Before even opening the book, I was attracted to the colorful cover and the size. This 5×7″ size is perfect to carry in your purse for those days when you are waiting for the kids in car rider line, or are at the auto repair shop! Of course that size also makes it great for stuffing into your grab and go binder, but before you DO put it away, please take time to read it. Julie has done a beautiful job of presenting her information and has lots of wonderful ideas for everyone, no matter what their current level of preparedness.
Once I opened the book, I immediately loved the “blueprint” design. It’s printed and shaded in blue ink, so it gives the appearance of being a blueprint for preparedness. I don’t recall Julie using that phrase anywhere in the book, but that’s how it made me feel. There are thirteen lucky chapters that cover topics from creating a family emergency plan, to stocking your pantry, being ready for medical emergencies, financial readiness, power outages, whether or not to evacuate or stay home, and home invasions. Julie even provides worksheets for a few of these topics so you can record the information right there in your copy.
I especially liked her encouragement to be ready financially. She talks about how and she her husband followed Dave Ramsey’s advice to eliminate their credit card debt. Basically, Dave recommends paying off your smallest balance FIRST, and once that account is paid off, applying that money to the next card. We have been to one of Dave’s seminars and it was refreshing to have Dave share with the audience the things I’d been trying to teach my husband our entire married life!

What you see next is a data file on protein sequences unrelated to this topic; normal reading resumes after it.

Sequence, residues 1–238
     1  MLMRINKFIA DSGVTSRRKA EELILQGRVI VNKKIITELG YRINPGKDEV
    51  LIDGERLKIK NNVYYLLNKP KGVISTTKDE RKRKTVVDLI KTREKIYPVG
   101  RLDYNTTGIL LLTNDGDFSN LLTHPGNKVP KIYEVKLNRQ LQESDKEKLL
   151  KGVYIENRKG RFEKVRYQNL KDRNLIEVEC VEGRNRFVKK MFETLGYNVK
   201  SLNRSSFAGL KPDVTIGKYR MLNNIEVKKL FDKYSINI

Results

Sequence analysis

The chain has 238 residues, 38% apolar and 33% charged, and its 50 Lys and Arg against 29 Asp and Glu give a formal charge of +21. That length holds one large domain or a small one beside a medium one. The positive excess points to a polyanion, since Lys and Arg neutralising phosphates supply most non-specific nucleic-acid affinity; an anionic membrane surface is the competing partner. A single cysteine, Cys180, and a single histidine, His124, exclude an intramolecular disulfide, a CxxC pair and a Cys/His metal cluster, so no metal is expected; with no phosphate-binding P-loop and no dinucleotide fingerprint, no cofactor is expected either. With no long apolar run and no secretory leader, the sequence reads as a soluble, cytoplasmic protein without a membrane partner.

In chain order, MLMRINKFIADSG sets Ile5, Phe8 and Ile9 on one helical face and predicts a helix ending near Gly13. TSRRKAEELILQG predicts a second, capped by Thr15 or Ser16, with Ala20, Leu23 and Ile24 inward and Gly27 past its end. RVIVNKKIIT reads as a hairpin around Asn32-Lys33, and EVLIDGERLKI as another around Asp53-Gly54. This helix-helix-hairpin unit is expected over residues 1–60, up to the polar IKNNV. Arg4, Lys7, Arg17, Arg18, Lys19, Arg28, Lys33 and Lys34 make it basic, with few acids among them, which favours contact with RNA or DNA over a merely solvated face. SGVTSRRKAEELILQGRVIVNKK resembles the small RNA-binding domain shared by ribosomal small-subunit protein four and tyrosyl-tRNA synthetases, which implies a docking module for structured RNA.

You might wonder what paying off your debt has to do with being prepared. Some of you might even be thinking, “Woohoo, if the world as we know it ends, I won’t ever have to finish paying off those debts.” Let me just say that there’s something wonderful, even magical, about being debt free, and once you are free from the slavery of debt, you can start putting away cash for your emergency fund. That’s something else that Dave Ramsey recommends. It may be hard for some to think about not being able to use plastic – whether debit or credit – in an emergency, but I can tell you from experience that if the electricity is out, stores and gas stations will not be able to accept it. After Hurricane Ike in 2008, people were unable to buy gas for their cars OR their generators without cash.
It’s always good to have a stash of cash! Just yesterday a friend of mine was at the grocery store with her three kids. The basket was full and she was so happy she’d been able to get her shopping done when she remembered that her debit card was no good. The card had been cancelled because of fraud and she hadn’t received the new one. She had no cash or other way to pay for it, so all of her time there was basically wasted.
Within the chapter on finances, she also has a checklist for important documents to be included in your grab and go binder. It’s a very basic list that will help you in your search to locate these documents now instead of panicking in the face of an emergency. This is a topic that’s very close to my heart because I’ve been offering a way to help people gather these documents since 1989 with my e-book, All They’ll Need to Know. Julie advises using the binder with tabs and sheet protectors, just like I do. I’m so happy when I see others even talking about gathering documents, because years ago, it seems everyone was just focused on the food, water, and shelter aspect of preparedness. Today, with so many instances of people having to leave their homes in the face of disaster (either the works of Mother Nature, forest fires, or chemical spills) they are beginning to see the importance of having these documents with you.